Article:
Christina Ricci On Playing Zelda Fitzgerald

Photo: Courtesy of Amazon.
When I think Zelda Fitzgerald, I think flapper style, long cigarette holders, and dark red lips. But mostly, I think about F. Scott Fitzgerald, Zelda's husband and author of such classics as The Great Gatsby and This Side of Paradise. That's because, like many sassy and influential women, Zelda has been forgotten by history. The image we have of her is coloured by her husband's characters — high-strung, vivacious manic pixie dream girls, with a melancholy streak à la Daisy Buchanan. In a way, this makes sense: Zelda was his muse. The two were madly in love — with each other, and with fame — reality stars before their time. The media loved building them up, and enjoyed tearing them down even more. But it makes you wonder, what was this woman like in real life? What if she had control over her own story? Enter Z: The Beginning of Everything, which premieres January 27 on Amazon. The new series, starring Christina Ricci as Zelda and David Hoflin as Scott, is loosely based on Theresa Ann Fowler's novel Z, which recounts the couple's rise and fall through Zelda's perspective. And while it has everything you'd hope to see from a show set in the Jazz Age (booze, speakeasies, gorgeous costumes, and wild parties), the show gives us a rare glimpse into a creative, more pensive Zelda; one who revelled in her own artistic abilities even as she guided and supported her husband. (Fun fact: F. Scott Fitzgerald liked to pull some of his best lines from her journals.) In a way, the series F. Scott Fitzgerald's worst nightmare: a story about his wife in which he is a supporting character.
We talked to Christina Ricci about playing an It Girl, Zelda's relationship with fame, and the actress' Jazz Age merkin. What drew you to the role of Zelda?
“I just found it really fascinating. I really love biographies, I love like examining what created that myth, that legend. Like, ‘Oh this was the behaviour,’ but how did that happen?... I just was really fascinated by this book and by her personality, and I love the idea of taking a world that for me felt very inaccessible, this sort of literati, that world, and finding a way in. And your way in is this woman who’s in the middle of it and is just like, ‘What the fuck is going on?’”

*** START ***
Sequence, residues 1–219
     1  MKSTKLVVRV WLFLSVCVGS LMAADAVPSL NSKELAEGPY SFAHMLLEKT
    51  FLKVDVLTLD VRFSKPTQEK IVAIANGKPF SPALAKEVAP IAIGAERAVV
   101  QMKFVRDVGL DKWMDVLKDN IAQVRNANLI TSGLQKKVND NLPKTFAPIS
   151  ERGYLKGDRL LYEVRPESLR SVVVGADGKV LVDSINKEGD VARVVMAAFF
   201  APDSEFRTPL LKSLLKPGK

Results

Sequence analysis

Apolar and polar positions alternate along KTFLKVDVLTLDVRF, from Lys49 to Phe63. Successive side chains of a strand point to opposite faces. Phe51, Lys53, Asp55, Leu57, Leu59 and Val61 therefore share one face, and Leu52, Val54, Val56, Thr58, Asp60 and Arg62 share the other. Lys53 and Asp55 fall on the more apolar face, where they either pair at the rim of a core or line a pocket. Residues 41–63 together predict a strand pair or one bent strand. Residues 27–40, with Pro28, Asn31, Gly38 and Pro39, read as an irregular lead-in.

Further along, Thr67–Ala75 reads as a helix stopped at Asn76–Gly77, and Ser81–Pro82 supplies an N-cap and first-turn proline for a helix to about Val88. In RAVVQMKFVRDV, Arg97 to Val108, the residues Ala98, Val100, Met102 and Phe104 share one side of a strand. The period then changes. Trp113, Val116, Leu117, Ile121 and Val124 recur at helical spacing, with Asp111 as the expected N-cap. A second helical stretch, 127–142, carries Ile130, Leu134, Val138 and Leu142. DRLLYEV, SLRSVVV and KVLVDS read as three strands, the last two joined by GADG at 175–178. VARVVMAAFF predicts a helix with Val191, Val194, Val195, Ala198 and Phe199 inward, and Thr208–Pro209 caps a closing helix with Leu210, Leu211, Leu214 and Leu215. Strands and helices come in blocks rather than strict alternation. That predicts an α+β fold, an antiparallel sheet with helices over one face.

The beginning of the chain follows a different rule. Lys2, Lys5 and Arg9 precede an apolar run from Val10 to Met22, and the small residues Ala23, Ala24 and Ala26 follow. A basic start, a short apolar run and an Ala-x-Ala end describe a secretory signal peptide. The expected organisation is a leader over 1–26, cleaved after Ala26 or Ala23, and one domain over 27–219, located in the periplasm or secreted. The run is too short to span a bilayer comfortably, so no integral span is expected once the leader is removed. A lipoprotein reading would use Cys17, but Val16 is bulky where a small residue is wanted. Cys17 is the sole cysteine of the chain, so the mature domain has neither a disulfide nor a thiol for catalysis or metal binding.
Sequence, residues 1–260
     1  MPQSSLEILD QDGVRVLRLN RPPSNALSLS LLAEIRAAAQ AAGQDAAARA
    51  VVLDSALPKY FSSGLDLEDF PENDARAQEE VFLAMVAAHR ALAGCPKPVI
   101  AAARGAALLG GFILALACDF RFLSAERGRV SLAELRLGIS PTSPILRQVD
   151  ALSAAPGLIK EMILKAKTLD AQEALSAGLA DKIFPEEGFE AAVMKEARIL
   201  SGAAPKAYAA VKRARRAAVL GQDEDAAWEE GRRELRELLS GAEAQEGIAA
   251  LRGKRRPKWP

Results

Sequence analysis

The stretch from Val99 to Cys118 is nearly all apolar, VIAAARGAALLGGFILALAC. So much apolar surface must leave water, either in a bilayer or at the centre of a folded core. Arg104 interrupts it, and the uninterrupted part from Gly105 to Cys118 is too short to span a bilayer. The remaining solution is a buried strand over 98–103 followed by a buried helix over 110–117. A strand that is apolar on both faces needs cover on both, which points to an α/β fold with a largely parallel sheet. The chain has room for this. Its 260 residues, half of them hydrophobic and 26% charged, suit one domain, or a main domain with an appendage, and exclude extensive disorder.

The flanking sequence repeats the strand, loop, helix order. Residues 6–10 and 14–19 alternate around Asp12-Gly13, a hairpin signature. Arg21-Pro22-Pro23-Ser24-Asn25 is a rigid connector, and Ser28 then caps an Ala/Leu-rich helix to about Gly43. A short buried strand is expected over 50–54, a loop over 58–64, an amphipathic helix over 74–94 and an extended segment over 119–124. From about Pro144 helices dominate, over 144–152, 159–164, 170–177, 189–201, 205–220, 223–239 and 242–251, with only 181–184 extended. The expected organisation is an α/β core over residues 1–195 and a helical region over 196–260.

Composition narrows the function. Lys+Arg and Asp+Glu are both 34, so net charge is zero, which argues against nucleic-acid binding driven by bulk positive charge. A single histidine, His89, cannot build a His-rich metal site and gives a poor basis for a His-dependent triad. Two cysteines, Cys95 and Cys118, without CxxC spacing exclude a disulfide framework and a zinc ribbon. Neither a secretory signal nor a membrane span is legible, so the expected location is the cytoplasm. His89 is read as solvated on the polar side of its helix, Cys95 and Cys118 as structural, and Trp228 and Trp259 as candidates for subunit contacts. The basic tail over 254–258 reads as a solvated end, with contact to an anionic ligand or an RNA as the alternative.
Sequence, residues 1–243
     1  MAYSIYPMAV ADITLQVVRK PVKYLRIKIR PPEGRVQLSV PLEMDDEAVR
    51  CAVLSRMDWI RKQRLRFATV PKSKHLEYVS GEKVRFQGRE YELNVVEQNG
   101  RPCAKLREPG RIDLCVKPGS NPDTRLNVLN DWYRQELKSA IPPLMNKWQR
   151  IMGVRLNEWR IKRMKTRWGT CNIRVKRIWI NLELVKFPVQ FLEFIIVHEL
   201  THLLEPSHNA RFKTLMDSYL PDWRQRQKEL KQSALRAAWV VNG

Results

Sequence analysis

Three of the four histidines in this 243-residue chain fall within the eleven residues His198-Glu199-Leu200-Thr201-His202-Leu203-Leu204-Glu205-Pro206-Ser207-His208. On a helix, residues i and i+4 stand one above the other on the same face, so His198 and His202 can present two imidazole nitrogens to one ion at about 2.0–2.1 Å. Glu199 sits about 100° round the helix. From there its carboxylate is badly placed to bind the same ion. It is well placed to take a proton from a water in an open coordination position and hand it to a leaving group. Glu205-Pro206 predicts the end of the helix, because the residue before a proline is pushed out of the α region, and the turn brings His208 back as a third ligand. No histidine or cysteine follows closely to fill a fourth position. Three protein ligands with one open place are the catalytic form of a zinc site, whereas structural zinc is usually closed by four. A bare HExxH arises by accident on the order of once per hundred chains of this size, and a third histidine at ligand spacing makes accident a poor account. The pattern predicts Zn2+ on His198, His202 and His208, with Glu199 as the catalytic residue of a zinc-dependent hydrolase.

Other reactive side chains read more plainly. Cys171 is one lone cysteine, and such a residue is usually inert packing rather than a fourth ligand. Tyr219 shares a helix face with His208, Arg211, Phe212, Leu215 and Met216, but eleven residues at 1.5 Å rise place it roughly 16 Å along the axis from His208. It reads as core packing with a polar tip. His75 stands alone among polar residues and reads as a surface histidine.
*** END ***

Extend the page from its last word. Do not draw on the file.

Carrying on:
Photo: Courtesy of Amazon.
One of the things that really struck me while watching is that Zelda so iconic of that era, but I kept wondering, "Would she have been better off today?"
“Yeah, she was definitely born at the wrong time — she would have been way better off today. You’re allowed to make mistakes today, you’re allowed to make a major life decision like marriage or moving, and change your mind. And I think that’s something — at that time, she made a very big strong choice very young, and then she had to live with it.” I noticed that the executive producers and writers are mostly women — was that important to you going in?
"I don’t think equal is really equal until it’s not a factor, do you know what I mean? Certainly when you’re hiring writers, or when you’re hiring people to work in an artistic way, you want them to have some reference for it. So yeah, hiring women in terms of being able to relate to the story is important, but we didn’t go out of our way to do that, it just kind of naturally happened.”